The year 2020 has taught us something, that IT approaches must remain adaptable. Experts had predicted a pandemic for years, but no one predicted that we'd have to reconfigure our processes in an instant due to lockdowns and social distancing criteria.
In recent cyber attacks, malicious hackers have benefited greatly from the panic and confusion surrounding the COVID-19 pandemic. Ransomware attacks have increased by 800% since the pandemic, according to threat researchers.
IT professionals usually face cybersecurity threats, and they must understand what they're up against. IT professionals who can detect cyber threats can respond to cyberattacks until they result in expensive and time-consuming data theft. IT professionals may also assist their organizations in managing data efficiently, avoiding enforcement breaches, and maximizing network and device uptime.
Read these top threats from the attackers trying to gain access to your data:
Malware is software used by cybercriminals to take advantage of computers, networks, or services. Hackers may use malware to gain unauthorized access to your sensitive information, such as customer data and employee emails, and passwords. To defend against these attacks, IT professionals should keep all applications up to date and patch regularly.
IT professionals commonly face Phishing, which is a form of cybercrime in which a hacker infiltrates a company using a text message or email. The hacker masks a malicious message as a valid notification during a phishing scam. If in case, a recipient opens the letter, he or she may be requested to share personal information and may agree to do so if the request seems valid. However, once the data has been given, the hacker will use it to their advantage. To be aware of these types of scams, IT professionals must be on the lookout for phishing connections in questionable text messages and emails. For all accounts, they can also use multifactor authentication (MFA).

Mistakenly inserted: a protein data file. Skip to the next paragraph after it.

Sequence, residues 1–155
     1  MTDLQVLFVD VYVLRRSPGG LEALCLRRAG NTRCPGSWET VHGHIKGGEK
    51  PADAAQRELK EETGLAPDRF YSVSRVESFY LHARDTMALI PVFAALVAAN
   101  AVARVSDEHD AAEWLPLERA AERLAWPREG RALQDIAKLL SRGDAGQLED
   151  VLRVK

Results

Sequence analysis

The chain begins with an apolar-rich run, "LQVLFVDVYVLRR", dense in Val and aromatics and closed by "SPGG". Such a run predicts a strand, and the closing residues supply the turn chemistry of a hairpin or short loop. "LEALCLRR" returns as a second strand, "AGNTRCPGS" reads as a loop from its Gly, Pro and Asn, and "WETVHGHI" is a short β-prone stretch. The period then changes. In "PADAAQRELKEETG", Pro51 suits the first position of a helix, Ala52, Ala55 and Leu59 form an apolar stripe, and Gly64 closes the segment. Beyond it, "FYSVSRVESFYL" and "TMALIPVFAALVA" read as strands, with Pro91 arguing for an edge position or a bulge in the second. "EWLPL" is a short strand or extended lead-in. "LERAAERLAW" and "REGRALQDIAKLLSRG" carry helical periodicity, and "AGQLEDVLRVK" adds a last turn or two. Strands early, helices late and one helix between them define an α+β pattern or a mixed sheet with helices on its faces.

Shadow IT implies using software, computers, and systems without the permission of an organization. Professionals who use their private smartphones and tablets to conduct business activities, for example, might be unwittingly contributing to shadow IT inside their organization. IT professionals must use only approved technologies for business activities, even if they choose to use their applications, computers, and systems. Otherwise, IT professionals risk exposing their personal and professional information to cybercriminals.
Internet of Things (IoT) ambush
IoT applications and software are being used by an increasing number of businesses to collect data, monitor and manage resources remotely, improve customer support, and more. Many Internet of Things (IoT) devices are insecure, rendering them vulnerable to attack. Hackers can take control of computers to use in botnets and exploit IoT flaws to gain network access.
Cybercriminals will continue to take advantage of the coronavirus, but IT professionals need to be extra cautious about all kinds of threats that have been talked about in the above blog. They are required to be extra cautious about the integrity of their customers and try their best not to lose the personal identification details to these online hackers.
The development of tools that can prevent the data which is prone to be compromised has become a necessity these days and the IT sector has to come up with very secure networks that can work for the betterment of the community as a whole.